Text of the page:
Secular Coalition for America and Clinton Foundation

 

The mission of the Secular Coalition for America, of which I’m founder and president, is to increase the visibility of and respect for nontheistic viewpoints, and to protect and strengthen the secular character of our government. To help fulfill our mission, we have an excellent staff, including lobbyists in Washington. We hope to form 50 state secular coalitions and promote our secular positions widely. As with all non-profits (and non-prophets), the Secular Coalition relies on generous donations from those who support our mission.

Does the Secular Coalition turn down contributions? Yes, but hardly ever. If someone should offer the Secular Coalition money to feed starving children or to end the war on drugs, we would agree with the sentiment and suggest the donor contribute instead to one of our excellent member organizations that focuses on those issues. As president of a relatively small but growing organization, I worry about mission creep. 

Now if Pat Robertson or a Saudi sheik offered to donate a million dollars to the Secular Coalition, I would happily accept as long as we could use the money to promote our mission (no such donations, yet). Donald Trump, if you are listening, we would like a major contribution so we, too, can help build a wall that will make America great again—Thomas Jefferson’s wall to separate church and state.

So what does the Secular Coalition have to do with the Clinton Foundation, which also does good work while needing to avoid potential conflicts of interest? Like all analogies, the one I’m about to make regarding the two organizations has its flaws, but also some similarities.

The good news is that there is no need to investigate the Secular Coalition; the bad news is it does not have nearly the resources of the Clinton Foundation. The rules are also very different for an organization headed by a former U.S. president and perhaps the next president, with their international influence and potential conflicts of interest. However, my focus in both cases falls on what the donor dollars accomplish.

While the Secular Coalition for America appreciates all donors, the “secular angels” ($10,000 or more) usually have greater access than supporters who contribute $100. We are more likely to search out and take our angels to dinner when we are in their town. They are more likely to influence our projects. For instance, if a donor were to offer us money to advertise in major media, we would thankfully accept the generous contribution to do something we can’t now afford to do. On the other hand, we would not accept money to promote a donor’s car dealership.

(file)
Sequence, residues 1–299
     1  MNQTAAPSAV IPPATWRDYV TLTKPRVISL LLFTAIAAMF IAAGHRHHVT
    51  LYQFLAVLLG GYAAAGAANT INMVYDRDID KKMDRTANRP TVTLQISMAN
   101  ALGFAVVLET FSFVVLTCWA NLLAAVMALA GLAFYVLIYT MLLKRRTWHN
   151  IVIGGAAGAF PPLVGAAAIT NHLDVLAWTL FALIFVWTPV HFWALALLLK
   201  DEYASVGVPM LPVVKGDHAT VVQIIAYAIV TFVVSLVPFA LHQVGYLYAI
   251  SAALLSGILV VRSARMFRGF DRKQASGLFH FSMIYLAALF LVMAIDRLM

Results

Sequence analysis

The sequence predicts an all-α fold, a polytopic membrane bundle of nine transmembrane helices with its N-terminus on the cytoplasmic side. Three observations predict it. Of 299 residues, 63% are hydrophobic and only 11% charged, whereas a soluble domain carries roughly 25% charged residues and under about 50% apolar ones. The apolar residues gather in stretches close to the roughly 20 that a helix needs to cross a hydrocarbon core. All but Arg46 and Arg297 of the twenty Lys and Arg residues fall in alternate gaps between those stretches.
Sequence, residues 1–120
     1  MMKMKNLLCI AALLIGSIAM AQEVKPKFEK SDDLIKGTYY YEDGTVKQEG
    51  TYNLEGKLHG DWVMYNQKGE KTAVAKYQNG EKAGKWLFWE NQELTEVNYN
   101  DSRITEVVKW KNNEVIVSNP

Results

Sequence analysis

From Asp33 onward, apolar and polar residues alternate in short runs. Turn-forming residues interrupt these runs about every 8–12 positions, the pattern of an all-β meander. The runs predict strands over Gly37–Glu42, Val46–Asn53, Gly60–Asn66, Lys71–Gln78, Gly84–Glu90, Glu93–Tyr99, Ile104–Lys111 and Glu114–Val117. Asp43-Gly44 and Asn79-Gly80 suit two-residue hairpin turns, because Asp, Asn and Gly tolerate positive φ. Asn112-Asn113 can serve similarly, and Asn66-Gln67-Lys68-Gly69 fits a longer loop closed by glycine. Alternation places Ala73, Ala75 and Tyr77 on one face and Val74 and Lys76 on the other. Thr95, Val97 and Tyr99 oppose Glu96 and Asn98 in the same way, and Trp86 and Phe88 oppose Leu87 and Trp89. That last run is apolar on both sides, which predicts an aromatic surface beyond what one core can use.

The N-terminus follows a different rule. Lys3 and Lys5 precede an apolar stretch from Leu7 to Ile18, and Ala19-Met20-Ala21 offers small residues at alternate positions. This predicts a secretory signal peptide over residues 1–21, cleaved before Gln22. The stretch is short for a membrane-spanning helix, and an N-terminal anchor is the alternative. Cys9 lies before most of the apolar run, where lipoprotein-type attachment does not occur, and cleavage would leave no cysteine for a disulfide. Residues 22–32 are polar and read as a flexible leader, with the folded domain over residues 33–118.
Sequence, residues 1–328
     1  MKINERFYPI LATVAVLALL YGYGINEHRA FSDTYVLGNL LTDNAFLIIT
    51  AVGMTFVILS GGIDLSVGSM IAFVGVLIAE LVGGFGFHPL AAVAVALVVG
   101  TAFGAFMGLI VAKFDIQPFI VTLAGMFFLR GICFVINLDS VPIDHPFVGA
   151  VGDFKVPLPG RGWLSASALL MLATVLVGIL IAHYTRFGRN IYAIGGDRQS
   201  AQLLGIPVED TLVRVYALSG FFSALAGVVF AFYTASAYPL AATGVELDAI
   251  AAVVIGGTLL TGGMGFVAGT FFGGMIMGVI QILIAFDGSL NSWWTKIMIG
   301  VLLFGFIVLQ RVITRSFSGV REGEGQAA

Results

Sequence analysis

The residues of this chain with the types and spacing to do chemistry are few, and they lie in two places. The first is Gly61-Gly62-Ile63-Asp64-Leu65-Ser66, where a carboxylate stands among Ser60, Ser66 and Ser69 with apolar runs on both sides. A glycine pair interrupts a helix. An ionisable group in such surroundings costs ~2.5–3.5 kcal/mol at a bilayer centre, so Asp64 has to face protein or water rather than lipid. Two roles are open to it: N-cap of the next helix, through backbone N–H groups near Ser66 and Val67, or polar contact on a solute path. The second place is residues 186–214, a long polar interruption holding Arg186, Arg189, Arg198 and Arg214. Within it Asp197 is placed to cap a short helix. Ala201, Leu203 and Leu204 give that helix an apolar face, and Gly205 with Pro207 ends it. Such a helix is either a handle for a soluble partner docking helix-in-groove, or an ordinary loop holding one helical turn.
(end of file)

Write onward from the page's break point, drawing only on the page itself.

When it comes to the Clinton Foundation, I’m more interested in whether donors have influenced public policy, and, if so, how. Major donors to legislators have more access to present their interests. And as we know, problems arise when a legislator supports an issue solely to please a donor even though the legislator realizes it might harm other Americans.

I’ve written here why I think, next to ISIS, Saudi Arabia is the most repressive regime in the Middle East. On the other hand, I would welcome that country’s no-strings-attached contribution to the Clinton Foundation or any other foundation to eradicate AIDS. I would, of course, want to verify as carefully as possible that the contribution came without strings. So the bottom line for me is not just who the contributor is, but also what the recipient does for the contributor.

Like the Clinton Foundation, the Secular Coalition for America takes contributions from those outside America. One of my favorite secular angels is Richard Dawkins, a Brit, who is appalled by how politicians in a secular country like America use their religious beliefs to deny equal rights to atheists, women, the LGBTQ community, and those who behave or believe differently. Dawkins, an evolutionary biologist, is shocked that about half our country rejects evolution, an attitude unheard of in other countries that are not theocracies. His and other contributions help the Secular Coalition promote science-based decisions and evidence-based positions for American politicians with worldwide influence. I can only wish that the Clinton Foundation, or another with similar influence and resources, would set its sights on promoting scientific thinking as the benchmark for policy making in both this country and Saudi Arabia.

 

 

 

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